Global Variables in SASS

Using global variables in a SASS stylesheet saves time by eliminating repetitious code. In this example I will show how to declare global color variables that can be referenced by name in multiple partial stylesheets.

First we create an SCSS file called “_variables.scss”. The name isn’t important but the leading underscore is. Inside we declare the variables like so:

Then in the main SCSS file you import the variables file:

The variables should now be accessible from inside other stylesheets provided they are properly imported. Here is an example of a “welcome.scss” file that uses the global variables:

 

Setting Environment Variables in Unix Shell

Setting environment variables allows you to reference sensitive data, like passwords and API keys in an application, without making them publicly visible online or in a public repository.

Example:

becomes…

To do this, first check to make sure you are using a bash shell:

Then edit your “~/.bashrc” file and add:

Save the file and you’re all set. You will have to open a new shell or restart your terminal to continue.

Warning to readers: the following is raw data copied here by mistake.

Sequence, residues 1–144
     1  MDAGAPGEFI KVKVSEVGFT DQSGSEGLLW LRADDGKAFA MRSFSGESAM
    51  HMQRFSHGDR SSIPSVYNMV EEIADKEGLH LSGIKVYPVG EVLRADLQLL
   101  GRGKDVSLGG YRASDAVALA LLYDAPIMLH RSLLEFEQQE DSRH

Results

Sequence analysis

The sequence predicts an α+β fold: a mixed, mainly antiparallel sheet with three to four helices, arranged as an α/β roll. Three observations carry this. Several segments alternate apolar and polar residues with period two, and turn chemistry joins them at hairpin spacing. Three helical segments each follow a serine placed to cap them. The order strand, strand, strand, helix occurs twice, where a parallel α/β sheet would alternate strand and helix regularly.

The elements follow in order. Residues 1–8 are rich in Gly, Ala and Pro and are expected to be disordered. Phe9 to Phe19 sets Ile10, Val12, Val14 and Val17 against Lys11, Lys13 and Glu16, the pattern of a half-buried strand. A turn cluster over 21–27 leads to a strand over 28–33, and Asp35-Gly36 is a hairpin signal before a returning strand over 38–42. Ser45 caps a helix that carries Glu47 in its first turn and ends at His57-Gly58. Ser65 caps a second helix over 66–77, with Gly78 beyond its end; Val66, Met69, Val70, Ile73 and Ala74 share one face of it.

Rails API Basics – Guild Wars 2 Dye Gallery

This is an example showing how to use the Guild Wars 2 API to create a simple dye gallery using Ruby on Rails.

The first step is to generate a “Dye” model with the attributes of “content” as “text” and “color” also as “text”. This will enable the data gathered from the API to be organized for use in the gallery.

Next we want to add the Guild Wars 2 API gem to our gemfile.

Make sure to run “bundle install” after adding the gem.

Heading to the seeds.rb file of our database we put the following code:

Dye.delete_all simply deletes the dyes so that we load a fresh database each time.

The next line calls the API specifying the section Misc>colors.

Then for each ‘color’ it finds the ‘name’ and sets it to the variable ‘name’, it finds the RGB color combination and sets it to the variable ‘color_list’. After that it converts each component of the RGB color array to a string which will then be fed into the css in our gallery view.

Last, each dye is created with name assigned to ‘:content’, and color assigned to ‘:color’.

In the index page of our dyes view we have the following:

For each dye we create a div that displays the name of the dye color and a thumbnail div that is filled with the color itself using the RGB color we setup earlier.

As far as styling goes here are the critical parts:

To display the dyes and sort them we create a “Dyes Controller” with an index method.

The final product looks like this:

Dye Gallery